“Sharing a story with a young child is an important way for children and parents to connect and build life-long habits of reading. Just 20 minutes a day is all it takes to start a wonderful tradition. We are so grateful to the Krueger Charitable Trust and WGBH for this amazing opportunity to get books into the hands and homes of Worcester’s children,” commented Kim Davenport, Co-Chair of Worcester Reads through Edward Street Child Services.
WGBH Boston is America’s preeminent public broadcaster and the largest producer of PBS content for TV and the Web, including Masterpiece, Antiques Roadshow, Frontline, Nova, American Experience, Arthur, Curious George, and more than a dozen other primetime, lifestyle and children’s series. WGBH’s television channels include WGBH 2, WGBX 44, and the digital channels World and Create. WGBH TV productions focusing on the region’s diverse community include Greater Boston, Basic Black and High School Quiz Show. WGBH Radio serves listeners across New England with 89.7 WGBH, Boston’s Local NPR®; 99.5 WCRB Classical Radio Boston; and WCAI, the Cape and Islands NPR® Station. WGBH also is a major source of programs for public radio (among them, PRI’s The World®), a leader in educational multimedia (including PBS LearningMedia™, providing the nation’s educators with free, curriculum-based digital content), and a pioneer in technologies and services that make media accessible to deaf, hard of hearing, blind and visually impaired audiences. WGBH has been recognized with hundreds of honors: Emmys, Peabodys, duPont-Columbia Awards and Oscars. Find more information at wgbh.org.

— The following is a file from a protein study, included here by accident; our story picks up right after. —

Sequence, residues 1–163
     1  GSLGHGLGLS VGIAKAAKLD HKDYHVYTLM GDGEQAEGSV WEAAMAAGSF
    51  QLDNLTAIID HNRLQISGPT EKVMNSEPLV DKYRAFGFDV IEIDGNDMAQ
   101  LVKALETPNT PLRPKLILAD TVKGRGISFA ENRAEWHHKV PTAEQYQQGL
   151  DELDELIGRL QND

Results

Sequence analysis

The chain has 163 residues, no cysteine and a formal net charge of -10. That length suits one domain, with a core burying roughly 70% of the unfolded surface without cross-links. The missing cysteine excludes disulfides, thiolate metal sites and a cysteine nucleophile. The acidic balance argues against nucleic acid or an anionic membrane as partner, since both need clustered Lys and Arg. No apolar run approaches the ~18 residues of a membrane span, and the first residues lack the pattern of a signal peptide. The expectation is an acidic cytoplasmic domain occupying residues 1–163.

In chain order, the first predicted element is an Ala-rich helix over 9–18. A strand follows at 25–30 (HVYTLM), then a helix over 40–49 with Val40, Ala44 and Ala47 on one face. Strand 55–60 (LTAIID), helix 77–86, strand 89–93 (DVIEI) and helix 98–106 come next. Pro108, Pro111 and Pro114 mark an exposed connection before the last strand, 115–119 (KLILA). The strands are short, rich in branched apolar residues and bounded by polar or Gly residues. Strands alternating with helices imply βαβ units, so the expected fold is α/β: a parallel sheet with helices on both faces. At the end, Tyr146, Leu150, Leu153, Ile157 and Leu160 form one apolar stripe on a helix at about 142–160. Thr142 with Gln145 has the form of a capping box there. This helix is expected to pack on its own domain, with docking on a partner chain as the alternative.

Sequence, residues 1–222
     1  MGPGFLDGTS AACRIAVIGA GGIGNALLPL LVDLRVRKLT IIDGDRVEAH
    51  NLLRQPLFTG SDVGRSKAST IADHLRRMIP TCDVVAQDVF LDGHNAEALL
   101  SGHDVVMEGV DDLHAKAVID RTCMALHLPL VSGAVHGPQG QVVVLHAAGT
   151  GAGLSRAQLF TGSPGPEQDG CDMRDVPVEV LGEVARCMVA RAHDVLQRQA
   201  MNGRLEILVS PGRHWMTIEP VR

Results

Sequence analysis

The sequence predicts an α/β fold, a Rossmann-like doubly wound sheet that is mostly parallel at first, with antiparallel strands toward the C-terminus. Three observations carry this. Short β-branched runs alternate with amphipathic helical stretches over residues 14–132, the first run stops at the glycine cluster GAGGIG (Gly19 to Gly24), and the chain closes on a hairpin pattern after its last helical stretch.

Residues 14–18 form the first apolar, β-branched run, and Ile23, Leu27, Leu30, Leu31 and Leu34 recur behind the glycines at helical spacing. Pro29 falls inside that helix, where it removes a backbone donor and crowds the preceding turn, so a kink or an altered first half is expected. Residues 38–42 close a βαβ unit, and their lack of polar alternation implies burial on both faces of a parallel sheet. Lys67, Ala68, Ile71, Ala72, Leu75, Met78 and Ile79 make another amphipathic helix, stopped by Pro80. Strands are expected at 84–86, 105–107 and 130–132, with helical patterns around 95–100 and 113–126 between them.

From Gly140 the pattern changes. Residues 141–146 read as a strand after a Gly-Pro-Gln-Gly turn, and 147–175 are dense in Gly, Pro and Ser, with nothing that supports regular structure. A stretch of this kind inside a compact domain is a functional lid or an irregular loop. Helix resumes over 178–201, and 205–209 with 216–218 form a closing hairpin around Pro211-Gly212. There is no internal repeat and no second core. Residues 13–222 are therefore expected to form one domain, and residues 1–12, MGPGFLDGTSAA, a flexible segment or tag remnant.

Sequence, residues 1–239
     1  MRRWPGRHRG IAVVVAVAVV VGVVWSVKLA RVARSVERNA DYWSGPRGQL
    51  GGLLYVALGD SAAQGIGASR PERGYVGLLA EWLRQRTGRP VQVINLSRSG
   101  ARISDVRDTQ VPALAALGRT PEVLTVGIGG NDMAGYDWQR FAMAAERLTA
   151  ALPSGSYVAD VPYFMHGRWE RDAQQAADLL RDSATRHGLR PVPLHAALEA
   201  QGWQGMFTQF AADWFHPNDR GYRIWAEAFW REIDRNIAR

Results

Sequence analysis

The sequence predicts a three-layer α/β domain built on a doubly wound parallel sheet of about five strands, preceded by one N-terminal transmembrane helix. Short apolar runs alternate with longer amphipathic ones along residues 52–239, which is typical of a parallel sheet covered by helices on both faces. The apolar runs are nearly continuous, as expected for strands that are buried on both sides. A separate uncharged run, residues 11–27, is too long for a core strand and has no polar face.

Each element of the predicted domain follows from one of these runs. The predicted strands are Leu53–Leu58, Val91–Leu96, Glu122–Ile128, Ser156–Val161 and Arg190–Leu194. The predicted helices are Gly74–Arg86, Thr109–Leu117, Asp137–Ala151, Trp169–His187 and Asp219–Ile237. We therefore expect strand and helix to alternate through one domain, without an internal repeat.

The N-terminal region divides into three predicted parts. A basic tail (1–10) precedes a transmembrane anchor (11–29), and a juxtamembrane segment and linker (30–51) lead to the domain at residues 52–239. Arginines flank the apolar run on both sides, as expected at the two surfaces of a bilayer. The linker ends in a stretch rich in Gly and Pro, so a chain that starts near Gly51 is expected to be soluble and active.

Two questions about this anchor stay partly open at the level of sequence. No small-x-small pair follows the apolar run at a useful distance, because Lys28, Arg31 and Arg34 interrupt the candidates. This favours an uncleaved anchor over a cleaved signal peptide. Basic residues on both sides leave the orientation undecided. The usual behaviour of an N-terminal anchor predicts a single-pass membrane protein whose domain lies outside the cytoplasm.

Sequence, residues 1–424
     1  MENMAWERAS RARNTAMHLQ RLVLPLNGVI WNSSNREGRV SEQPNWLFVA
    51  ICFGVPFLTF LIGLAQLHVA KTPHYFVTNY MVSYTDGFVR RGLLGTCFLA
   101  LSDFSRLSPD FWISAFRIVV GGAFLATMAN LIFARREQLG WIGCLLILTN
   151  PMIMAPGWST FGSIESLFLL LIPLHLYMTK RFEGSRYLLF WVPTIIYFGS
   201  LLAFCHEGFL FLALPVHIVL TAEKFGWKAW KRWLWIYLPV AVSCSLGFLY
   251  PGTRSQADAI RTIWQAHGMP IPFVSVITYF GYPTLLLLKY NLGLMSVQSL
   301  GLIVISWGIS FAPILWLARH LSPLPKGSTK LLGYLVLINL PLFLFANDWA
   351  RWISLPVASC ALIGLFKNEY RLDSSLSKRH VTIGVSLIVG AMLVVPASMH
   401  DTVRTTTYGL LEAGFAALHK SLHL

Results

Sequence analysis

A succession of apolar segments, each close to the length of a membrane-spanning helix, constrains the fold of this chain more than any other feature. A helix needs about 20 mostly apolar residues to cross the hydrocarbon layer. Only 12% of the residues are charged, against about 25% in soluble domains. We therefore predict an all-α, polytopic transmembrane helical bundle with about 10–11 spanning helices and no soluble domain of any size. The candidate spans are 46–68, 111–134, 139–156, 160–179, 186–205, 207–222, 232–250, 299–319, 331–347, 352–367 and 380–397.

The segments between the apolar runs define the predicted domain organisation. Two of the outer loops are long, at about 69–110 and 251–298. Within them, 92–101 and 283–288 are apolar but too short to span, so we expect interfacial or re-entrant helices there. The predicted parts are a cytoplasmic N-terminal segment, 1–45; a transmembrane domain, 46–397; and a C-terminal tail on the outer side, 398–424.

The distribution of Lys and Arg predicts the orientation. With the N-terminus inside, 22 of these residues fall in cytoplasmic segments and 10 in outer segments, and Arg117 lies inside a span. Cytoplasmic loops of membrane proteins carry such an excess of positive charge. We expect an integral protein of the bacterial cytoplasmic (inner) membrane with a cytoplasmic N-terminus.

About Strategies for Children
Strategies for Children works to ensure that Massachusetts invests the resources needed for all children, from birth to age five, to access high-quality early education programs that prepare them for success in school and life. SFC leverages its core strengths in policy development and monitoring, constituency building and partnerships, research, advocacy, communications/outreach, and practice at both the local and state levels to achieve its goals. SFC is a catalyst for critical resource allocation, helping state policymakers and communities make smart choices to ensure that investments in early learning achieve high-leverage impact and lasting outcomes.
About the national Campaign for Grade-Level Reading
Launched in May 2010, the Campaign for Grade-Level Reading is a collaborative effort of funders, nonprofit partners, business leaders, government agencies, states and communities across the nation to ensure that many more children from low-income families succeed in school and graduate prepared for college, a career and active citizenship. By 2020, the GLR Campaign aims to increase by at least 100 percent the number of children from low-income families reading proficiently at the end of third grade in a dozen or more states. Visit gradelevelreading.net and follow the movement on Twitter @readingby3rd.